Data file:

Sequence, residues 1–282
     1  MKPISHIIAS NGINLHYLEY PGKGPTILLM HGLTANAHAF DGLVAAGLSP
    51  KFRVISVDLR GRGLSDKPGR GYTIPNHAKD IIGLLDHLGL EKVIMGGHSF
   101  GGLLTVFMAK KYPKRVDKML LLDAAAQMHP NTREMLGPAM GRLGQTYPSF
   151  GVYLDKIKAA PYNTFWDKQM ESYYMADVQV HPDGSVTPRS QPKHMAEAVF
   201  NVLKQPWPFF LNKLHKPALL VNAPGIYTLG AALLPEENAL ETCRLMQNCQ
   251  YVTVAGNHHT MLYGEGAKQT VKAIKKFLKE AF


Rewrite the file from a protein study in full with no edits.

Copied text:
Sequence, residues 1–282
     1  MKPISHIIAS NGINLHYLEY PGKGPTILLM HGLTANAHAF DGLVAAGLSP
    51  KFRVISVDLR GRGLSDKPGR GYTIPNHAKD IIGLLDHLGL EKVIMGGHSF
   101  GGLLTVFMAK KYPKRVDKML LLDAAAQMHP NTREMLGPAM GRLGQTYPSF
   151  GVYLDKIKAA PYNTFWDKQM ESYYMADVQV HPDGSVTPRS QPKHMAEAVF
   201  NVLKQPWPFF LNKLHKPALL VNAPGIYTLG AALLPEENAL ETCRLMQNCQ
   251  YVTVAGNHHT MLYGEGAKQT VKAIKKFLKE AF